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Changing Domain Controller time

Hi All,

I have a single forest single domain structure with 70 domain controllers throughout different locations. There are more than 10000 clients in the domain. It has been observed that the DC's are running 6 mins late than the usual time and due to which some critical application are facing problems. I need to achieve the below mentioned things.

1. Need to explain why the time is deffered to the management
2. Need to correct the issue but I think I cannot do it in one day because kerberos time skew issue might occur as it is more than 5 mins.

Thanks and Regards
3 Solutions
Mike KlineCommented:
The first thing I'd do is go through the following blog entries on time
 http://blogs.dirteam.com/blogs/jorge/archive/2010/09/27/configuring-and-managing-the-windows-time-service-part-1.aspx  This is a four part series so the other parts are there on Jorge's blog
Check to make sure your time is setup properly.  Since it is a single forest/domain your PDCe should be set to configure with an external/reliable source and then the time hiearchy shoudl take over from there.
Darius GhassemCommented:
You would need to setup your current PDC emulator to get it's time from an external time source.

TigerMatt has a great article on this. http://tigermatt.wordpress.com/2009/08/01/windows-time-for-active-directory/

Once you have this DC running with a proper external time source then your other DCs and clients will update through the domain hierarchy.
Neo_78Author Commented:
We do not have option to sync with external time server at this time. PDC is configured to sync the time with hardware clock. I need to change the time manually in PDC but reducing 6 mins at a time might create problem.

Kindly suggest.
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Darius GhassemCommented:
Could cause an issue since you are over 5 minutes. You could go to 4 minutes by changing the internal clock of the PDC server allow time to filter then you can setup a proper external time source.
What exactly is your PDCe synchronizing with? Please give us this feedback, dependent on the server OS:

For 2003: net time /querysntp
For 2008: w32tm /query /peers

The computer's time will run out of sync, when it's not synchronizing with an external clock, simply because the server's hardware (realtime) clock is not a reliable time-keeper. The clock is not of high enough quality. It gets even worse in Virtual Machines.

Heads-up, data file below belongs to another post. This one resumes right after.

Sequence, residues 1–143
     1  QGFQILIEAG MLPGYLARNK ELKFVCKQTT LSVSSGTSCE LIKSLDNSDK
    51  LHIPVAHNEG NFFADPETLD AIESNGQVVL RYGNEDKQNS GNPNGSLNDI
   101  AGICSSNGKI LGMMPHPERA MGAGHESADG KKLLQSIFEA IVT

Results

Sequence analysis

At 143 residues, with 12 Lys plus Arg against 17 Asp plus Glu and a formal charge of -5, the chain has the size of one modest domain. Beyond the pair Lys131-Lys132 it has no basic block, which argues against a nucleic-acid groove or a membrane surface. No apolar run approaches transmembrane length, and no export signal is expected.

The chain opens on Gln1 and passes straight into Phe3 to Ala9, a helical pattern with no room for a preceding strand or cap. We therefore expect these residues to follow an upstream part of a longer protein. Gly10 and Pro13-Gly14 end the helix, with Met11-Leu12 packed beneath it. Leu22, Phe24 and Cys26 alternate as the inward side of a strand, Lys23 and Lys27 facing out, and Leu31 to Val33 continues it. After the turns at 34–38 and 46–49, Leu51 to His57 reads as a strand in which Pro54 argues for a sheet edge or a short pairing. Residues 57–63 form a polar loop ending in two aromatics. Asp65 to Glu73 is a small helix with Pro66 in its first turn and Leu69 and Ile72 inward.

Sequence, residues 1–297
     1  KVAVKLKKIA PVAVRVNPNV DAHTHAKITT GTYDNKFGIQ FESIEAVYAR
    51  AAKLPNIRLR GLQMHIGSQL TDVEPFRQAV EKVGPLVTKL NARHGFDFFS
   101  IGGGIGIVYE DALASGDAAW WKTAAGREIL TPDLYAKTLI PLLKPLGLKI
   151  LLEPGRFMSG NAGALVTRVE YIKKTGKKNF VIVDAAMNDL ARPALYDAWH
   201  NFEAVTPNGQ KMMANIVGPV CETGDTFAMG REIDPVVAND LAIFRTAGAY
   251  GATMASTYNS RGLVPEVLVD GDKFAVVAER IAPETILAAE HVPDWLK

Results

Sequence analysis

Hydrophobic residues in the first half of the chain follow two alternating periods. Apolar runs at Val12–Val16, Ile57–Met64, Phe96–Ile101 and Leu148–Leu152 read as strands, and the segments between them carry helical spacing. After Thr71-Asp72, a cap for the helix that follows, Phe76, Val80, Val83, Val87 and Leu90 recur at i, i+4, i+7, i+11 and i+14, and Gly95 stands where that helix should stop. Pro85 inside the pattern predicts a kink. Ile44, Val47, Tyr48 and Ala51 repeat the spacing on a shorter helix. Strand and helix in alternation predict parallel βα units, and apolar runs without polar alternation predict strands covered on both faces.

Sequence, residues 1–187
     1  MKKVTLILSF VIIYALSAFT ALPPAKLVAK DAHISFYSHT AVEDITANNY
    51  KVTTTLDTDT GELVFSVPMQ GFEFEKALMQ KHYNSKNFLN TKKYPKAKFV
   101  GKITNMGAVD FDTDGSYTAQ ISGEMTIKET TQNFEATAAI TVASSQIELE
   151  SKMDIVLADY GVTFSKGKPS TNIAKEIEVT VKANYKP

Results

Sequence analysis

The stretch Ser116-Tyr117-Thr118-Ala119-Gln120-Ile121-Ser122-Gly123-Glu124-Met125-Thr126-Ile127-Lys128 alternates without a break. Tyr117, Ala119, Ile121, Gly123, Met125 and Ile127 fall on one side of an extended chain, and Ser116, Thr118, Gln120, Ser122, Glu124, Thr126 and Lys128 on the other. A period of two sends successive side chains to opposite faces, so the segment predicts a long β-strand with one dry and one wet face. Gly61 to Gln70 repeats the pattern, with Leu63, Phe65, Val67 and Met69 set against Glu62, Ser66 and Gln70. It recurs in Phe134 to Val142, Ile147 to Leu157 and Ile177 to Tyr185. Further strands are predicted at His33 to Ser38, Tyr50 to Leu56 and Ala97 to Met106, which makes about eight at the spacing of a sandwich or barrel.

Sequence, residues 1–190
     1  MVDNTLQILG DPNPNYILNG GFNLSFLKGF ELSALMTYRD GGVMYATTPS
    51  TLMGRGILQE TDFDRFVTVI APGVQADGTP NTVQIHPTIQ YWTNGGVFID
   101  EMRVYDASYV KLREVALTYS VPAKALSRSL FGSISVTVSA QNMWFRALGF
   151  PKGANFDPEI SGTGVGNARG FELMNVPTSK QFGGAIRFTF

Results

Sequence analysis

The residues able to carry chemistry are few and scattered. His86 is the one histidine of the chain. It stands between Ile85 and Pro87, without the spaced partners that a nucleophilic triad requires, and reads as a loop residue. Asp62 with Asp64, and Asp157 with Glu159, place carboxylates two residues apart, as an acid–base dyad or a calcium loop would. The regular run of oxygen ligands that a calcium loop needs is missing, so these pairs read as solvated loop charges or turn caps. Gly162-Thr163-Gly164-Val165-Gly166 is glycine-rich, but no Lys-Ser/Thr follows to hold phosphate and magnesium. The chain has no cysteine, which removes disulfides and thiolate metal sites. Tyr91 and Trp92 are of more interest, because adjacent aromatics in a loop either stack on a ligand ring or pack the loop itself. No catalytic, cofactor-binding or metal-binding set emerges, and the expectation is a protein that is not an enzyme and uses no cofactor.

Setting up to sync with a reliable time source should be a priority. As noted, that should be configured on the DC holding the PDC emulator role, and, important, the NTP peer list should be maintained when the PDC emulator role moves to another server.

I know there exist serial or networked GPS devices that can supply reliable time, if you don't want to use an external (untrusted) source. Or have another Windows/Linux host, with an internet connection, to proxy the time to your PDC. I have personally used the servers from pool.ntp.org for many years and found them very reliable.

It is also best practice to make sure that the PDCe cannot make huge time leaps (when retrieving time from another NTP server) by properly configuring the parameters for the W32Time service.

These articles probably have everything you want to know about the W32Time service:
Windows Time Service Technical Reference
How the Windows Time Service Works
Windows Time Service Tools and Settings

You obviously don't want a jump back in time (not even a minute). W32Time has provisions to slowly correct time instead of making the clock jump, but that will only work when synchronizing from an external time source.

Pay special attention to other operating systems: if your time-critical apps are running on non-Windows, then you have to take care of synchronizing them as well. Your internal stratum 2 or 3 servers (domain controllers) can act as an NTP server to ntpd and the likes.
If you can't sync time to the internet (For security reasons?) you can purchase a "time server" that has an outside antennae to grab accurate time from the GPS satellites.  Then you can point the AD servers there for time.  Works for the military.

just an example

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